Australia’s coal policy and its use of carry over credits to fulfill its obligations under the Paris Agreement have come under fire and been major points of contention at this year’s 50th Pacific Islands Forum (PIF) Meeting in Funafuti, Tuvalu.
Both declarations strongly call for Australia to commit to urgent climate action, as the effects of the climate crisis become more apparent on a daily basis.
In response to Pacific Island states, which have considered Australia as the “big brother”, Prime Minister Scott Morrison has announced that it will provide A$500m over five years in climate resilience and adaptation funding for the region.
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“Australia is supposed to be an ally for the Pacific, and their inaction in a time of dire need is appalling,” said Fenton Lutunatabua, 350 Pacific managing director.
“This funding support is being marketed as a solution, but in fact is a diversion of funding that was already allocated for supporting the Pacific Island states.”
Australia’s aid ploy
Australia’s ploy to use aid as a means of negotiating in the Pacific is failing, with Pacific Island leaders literally stating that they do not care about the money anymore.
The Prime Minister of Tuvalu and chair of the Pacific Islands Forum said during the PIF meeting on Tuesday that channeling aid money to the Pacific was in no way a compromise to open new coalmines and continue with unregulated emissions.
“Pacific Island leaders have stepped up their game significantly because for us it is a matter of survival and they have committed to holding industrialised, coal-producing nations to account,” said Patricia Mallam, senior communications specialist for the Pacific.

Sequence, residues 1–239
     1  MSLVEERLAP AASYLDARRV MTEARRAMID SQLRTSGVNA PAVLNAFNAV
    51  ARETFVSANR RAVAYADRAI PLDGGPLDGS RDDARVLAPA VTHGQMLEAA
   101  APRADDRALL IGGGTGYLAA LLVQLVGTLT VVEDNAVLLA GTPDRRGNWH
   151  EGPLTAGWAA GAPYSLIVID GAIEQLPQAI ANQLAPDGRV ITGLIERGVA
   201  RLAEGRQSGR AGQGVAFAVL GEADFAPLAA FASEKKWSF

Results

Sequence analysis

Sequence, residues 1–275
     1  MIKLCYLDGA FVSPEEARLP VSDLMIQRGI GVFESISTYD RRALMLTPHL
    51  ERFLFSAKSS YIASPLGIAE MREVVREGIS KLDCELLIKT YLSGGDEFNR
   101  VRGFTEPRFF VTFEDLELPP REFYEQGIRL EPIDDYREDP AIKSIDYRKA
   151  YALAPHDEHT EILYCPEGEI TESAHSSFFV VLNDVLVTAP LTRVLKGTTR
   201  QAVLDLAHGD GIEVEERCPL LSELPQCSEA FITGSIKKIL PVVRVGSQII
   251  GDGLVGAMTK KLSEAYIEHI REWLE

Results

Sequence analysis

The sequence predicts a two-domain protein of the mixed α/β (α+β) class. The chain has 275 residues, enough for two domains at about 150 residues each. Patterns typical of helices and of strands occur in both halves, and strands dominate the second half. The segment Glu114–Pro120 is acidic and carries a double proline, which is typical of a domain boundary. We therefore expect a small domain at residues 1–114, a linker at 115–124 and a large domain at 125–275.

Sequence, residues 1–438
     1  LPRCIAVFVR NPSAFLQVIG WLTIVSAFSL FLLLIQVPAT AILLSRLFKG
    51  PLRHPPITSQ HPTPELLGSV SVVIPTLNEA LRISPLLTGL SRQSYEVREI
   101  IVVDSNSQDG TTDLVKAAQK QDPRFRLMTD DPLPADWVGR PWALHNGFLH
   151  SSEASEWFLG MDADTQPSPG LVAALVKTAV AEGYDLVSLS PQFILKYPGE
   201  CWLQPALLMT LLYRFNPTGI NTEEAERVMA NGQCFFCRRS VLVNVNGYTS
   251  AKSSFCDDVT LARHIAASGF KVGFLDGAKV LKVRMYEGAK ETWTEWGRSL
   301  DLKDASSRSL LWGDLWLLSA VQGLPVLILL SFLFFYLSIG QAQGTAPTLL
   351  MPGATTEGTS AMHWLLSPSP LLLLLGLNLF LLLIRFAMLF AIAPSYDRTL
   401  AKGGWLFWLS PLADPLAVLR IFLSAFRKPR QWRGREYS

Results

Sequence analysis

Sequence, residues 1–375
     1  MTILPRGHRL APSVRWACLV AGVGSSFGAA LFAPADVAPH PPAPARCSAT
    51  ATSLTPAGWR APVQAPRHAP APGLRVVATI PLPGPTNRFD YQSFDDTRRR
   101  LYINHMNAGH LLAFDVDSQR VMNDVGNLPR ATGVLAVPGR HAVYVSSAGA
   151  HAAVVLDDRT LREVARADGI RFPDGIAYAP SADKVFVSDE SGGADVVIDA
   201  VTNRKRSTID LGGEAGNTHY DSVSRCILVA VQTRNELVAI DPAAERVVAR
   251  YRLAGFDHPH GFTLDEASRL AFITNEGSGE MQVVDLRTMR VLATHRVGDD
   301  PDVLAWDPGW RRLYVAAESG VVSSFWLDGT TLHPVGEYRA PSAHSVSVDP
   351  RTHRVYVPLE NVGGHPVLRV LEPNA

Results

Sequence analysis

“The appalling fact in all this is that Australia is granted a seat at the same PIF meeting table as nations literally struggling to protect the lives and cultural integrity of their people.
“Australia bullies its way through negotiations, attempting to mask the gravity of the climate crisis on paper – when the visible proof in our lives shows otherwise.”
Pacific Island leaders had paved the way for polluting countries to take more concrete steps towards recognising that the climate crisis was real, she said.
The fact that Australia continued to disregard the science that proved this, and carried on with allowing the coal industry to prosper was “a slap in the face of its family in the Pacific”.
“We share the same part of the planet, in close proximity to each other, so taking action to save the Pacific pretty much means saving your own people. A person of authority in a position to make a difference, who compromises the wellbeing of their very own people is not worthy of being considered a leader,” added Mallam.
Key examples of leadership across the Pacific include:
- The Marshall Islands becoming thefirst country in the world to update and strengthen its Nationally Determined Contribution (NDC) to the Paris Agreement.
- The Republic of Fiji holding the presidency of COP23 through 2017-2018 and having recently announced that it will introduce aClimate Change Act, one of the world’s most ambitious legislative programmes which includes tighter restrictions on the use of plastics, a framework for Fiji to reduce its emissions to net-zero by 2050, the introduction of a carbon credits scheme and the establishment of procedures for the relocation of communities at risk from the adverse effects of the climate crisis.
- Tokelau announcing the launch of its Fakaofo Wind Turbine Project, situated on the southernmost island of Tokelau. The viability of this innovation is being tested for urgent climate action.
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Article by AsiaPacificReport.nz